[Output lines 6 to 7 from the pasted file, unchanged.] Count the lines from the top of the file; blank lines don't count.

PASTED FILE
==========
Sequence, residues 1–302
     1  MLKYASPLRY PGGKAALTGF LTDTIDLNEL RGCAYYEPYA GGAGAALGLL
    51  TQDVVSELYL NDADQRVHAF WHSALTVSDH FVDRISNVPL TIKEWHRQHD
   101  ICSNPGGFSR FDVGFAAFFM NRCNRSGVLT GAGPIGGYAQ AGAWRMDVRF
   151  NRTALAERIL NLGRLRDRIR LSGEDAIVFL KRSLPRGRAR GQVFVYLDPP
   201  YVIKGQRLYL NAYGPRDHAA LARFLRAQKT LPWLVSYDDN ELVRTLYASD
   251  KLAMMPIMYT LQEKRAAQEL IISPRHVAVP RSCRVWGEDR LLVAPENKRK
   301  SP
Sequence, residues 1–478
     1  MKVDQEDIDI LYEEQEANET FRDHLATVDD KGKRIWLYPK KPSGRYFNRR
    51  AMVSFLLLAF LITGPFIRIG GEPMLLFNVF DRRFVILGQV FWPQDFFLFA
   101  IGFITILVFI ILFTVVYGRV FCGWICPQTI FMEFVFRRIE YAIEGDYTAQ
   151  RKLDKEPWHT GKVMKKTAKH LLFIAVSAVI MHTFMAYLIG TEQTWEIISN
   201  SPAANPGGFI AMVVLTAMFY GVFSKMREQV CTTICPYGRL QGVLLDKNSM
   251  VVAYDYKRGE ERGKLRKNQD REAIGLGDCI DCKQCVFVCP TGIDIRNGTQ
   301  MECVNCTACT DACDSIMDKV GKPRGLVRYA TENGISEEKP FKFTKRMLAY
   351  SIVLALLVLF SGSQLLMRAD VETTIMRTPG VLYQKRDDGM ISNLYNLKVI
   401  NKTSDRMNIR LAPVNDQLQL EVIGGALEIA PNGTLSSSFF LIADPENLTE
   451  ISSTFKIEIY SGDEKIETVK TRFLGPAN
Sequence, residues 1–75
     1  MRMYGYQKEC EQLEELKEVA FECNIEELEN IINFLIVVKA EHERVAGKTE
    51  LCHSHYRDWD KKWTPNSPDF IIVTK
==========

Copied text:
   201  YVIKGQRLYL NAYGPRDHAA LARFLRAQKT LPWLVSYDDN ELVRTLYASD
   251  KLAMMPIMYT LQEKRAAQEL IISPRHVAVP RSCRVWGEDR LLVAPENKRK